How to Write Compelling Copy … For
ANY Type of Project

There’s a book on my shelf that I’ve owned for at least 35 years now, and it has seen better days … the spine is faded, the cover is stained, and its pages are yellowed.

I’ve lost track of how many times I’ve read it, but I still get choked up … tears in my eyes … when I read the last sentence:

“My troubles are all over, and I am at home; and often before I am quite awake, I fancy I am still in the orchard at Birtwick, standing with my old friends under the apple trees.”

Do you know the book? It’s Black Beauty by Anna Sewell.

Words give us writers the awesome power to touch, inform, motivate, and persuade.

And when we tap into that power as copywriters, we can accomplish great things.

So I’m going to share with you the absolute easiest way to write compelling and engaging copy …


Here it is — tell a story.

That’s it! It’s so simple that any child could do it … and you can, too!

I’m going to give you the “how to” of a good story, but first, let’s talk about the “why” …

Why are stories so powerful?

Psychological and neurological research has suggested that humans think in a narrative structure. This is why you hear that we are “hardwired to respond to stories” or that “stories are in our DNA.”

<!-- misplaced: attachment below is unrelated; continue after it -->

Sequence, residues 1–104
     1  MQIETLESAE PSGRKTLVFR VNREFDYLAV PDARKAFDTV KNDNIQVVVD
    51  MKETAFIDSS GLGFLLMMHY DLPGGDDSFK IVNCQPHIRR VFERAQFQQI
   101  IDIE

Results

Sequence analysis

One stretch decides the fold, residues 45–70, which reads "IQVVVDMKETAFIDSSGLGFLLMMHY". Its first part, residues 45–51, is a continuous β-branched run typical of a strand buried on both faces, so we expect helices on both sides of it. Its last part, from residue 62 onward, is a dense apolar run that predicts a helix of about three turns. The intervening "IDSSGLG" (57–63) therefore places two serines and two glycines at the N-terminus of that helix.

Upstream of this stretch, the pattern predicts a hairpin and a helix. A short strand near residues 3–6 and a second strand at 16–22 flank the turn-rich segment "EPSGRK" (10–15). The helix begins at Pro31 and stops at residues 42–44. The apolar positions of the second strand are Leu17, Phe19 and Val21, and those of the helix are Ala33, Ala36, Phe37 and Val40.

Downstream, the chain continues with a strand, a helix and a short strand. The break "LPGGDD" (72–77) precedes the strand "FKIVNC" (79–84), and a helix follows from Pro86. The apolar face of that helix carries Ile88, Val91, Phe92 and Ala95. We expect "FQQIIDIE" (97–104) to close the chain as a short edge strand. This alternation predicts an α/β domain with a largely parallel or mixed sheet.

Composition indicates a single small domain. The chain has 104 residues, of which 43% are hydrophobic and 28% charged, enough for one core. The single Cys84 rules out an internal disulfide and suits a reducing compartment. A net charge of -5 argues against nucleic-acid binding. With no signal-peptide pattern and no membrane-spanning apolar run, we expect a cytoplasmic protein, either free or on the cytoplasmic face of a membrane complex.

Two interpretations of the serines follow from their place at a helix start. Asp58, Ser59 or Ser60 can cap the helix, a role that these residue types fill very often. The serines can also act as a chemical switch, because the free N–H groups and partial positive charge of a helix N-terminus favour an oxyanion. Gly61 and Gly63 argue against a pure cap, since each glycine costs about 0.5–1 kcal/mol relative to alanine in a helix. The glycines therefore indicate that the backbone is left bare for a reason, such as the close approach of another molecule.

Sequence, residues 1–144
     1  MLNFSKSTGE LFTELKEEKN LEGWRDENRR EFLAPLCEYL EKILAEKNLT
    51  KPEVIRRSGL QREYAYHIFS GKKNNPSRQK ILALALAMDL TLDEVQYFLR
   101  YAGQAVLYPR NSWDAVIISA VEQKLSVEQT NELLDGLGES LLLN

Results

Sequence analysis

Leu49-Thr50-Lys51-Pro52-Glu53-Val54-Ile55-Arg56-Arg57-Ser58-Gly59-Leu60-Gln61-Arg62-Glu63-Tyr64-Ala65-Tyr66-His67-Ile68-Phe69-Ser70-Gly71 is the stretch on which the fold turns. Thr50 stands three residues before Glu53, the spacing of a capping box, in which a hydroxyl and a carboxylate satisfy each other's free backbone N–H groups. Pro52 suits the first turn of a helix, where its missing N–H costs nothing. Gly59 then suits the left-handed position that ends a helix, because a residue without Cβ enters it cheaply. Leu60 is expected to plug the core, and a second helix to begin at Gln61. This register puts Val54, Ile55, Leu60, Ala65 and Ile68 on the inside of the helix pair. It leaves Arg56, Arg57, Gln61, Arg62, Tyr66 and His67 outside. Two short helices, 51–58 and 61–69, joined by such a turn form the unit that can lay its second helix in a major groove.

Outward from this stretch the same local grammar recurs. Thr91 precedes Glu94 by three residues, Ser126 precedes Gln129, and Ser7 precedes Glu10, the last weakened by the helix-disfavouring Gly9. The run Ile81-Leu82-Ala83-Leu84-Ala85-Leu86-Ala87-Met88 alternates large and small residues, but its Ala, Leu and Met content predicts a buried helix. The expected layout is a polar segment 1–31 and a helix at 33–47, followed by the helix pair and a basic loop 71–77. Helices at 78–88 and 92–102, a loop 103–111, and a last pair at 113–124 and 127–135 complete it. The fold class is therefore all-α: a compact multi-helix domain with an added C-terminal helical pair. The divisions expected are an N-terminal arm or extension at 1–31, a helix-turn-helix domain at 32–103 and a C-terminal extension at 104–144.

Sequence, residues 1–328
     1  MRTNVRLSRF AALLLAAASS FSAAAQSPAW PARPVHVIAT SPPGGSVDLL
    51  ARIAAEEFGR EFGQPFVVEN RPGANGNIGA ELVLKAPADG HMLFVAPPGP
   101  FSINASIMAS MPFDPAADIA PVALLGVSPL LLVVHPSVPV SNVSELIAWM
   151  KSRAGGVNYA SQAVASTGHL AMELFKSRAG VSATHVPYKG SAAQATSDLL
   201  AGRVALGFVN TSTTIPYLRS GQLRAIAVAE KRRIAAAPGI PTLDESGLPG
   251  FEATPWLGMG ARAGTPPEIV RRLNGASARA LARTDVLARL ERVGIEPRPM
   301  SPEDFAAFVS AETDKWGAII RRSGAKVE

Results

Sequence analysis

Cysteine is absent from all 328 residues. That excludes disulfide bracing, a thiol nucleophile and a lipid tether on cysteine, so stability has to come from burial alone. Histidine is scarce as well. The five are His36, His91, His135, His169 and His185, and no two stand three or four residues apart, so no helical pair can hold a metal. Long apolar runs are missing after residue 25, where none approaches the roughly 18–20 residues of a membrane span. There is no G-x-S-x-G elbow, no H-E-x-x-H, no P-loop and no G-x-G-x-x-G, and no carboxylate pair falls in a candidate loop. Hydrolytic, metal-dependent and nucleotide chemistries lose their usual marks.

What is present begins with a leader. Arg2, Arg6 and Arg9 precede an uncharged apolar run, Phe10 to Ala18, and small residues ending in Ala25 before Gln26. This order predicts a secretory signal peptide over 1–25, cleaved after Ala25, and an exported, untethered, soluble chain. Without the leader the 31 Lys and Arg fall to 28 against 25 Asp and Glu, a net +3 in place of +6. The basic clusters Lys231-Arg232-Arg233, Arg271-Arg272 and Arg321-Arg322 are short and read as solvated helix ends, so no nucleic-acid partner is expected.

We respond so well to stories because, as narratives, stories match our basic thought patterns. It’s as simple as that!

Stories help us make sense of the world, and they help your reader relate to your message, too.

But stories — good ones — also elicit an emotional response.

We copywriters know that people buy from emotion and then justify their purchase with logic. Stories are so powerful because they are both emotional and logical.

For example, let’s look at some copy written for two pool service companies. The target market is homeowners who have a pool, and the goal is to get those homeowners to hire the pool service to maintain that pool.

Company A is proud of the high level of service they provide. Their basic weekly service includes 10 maintenance tasks (including skimming the surface of the water, checking the equipment, testing the chemical balance, brushing the steps, and so on). They also offer about 20 optional services upon request.

Company A presents these services in a bulleted list, under a photo of a beautiful pool, and asks their prospect to “Call us today!”

Company B, on the other hand, provides the same services but takes a different approach …

Company B features a picture of a happy family splashing around in a sparkling pool. Their copy tells the story of Customer John coming home from work and enjoying pool time with his family. John doesn’t have to clean his pool after work or on the weekend before his family can spend time together. Since he has hired Company B to maintain it for him, John can simply jump right in and relax with quality family time.

Company B weaves their services and benefits into an emotional story that engages the prospect and shows him how he will enjoy those benefits.

Of course, this example was over-simplified to make a point … but … which copy is more effective at painting a picture of the benefits?

A good story works well because it combines narrative thought with emotional wants/needs/desires. And that is a powerful combination!

So how do we copywriters tap into this power? After all, we write sales and marketing copy, not creative fiction …

How to write a powerful story

There really are just 4 basic elements to a story:

  1. The character — someone the reader is going to relate to
  2. The problem — what needs to be fixed or changed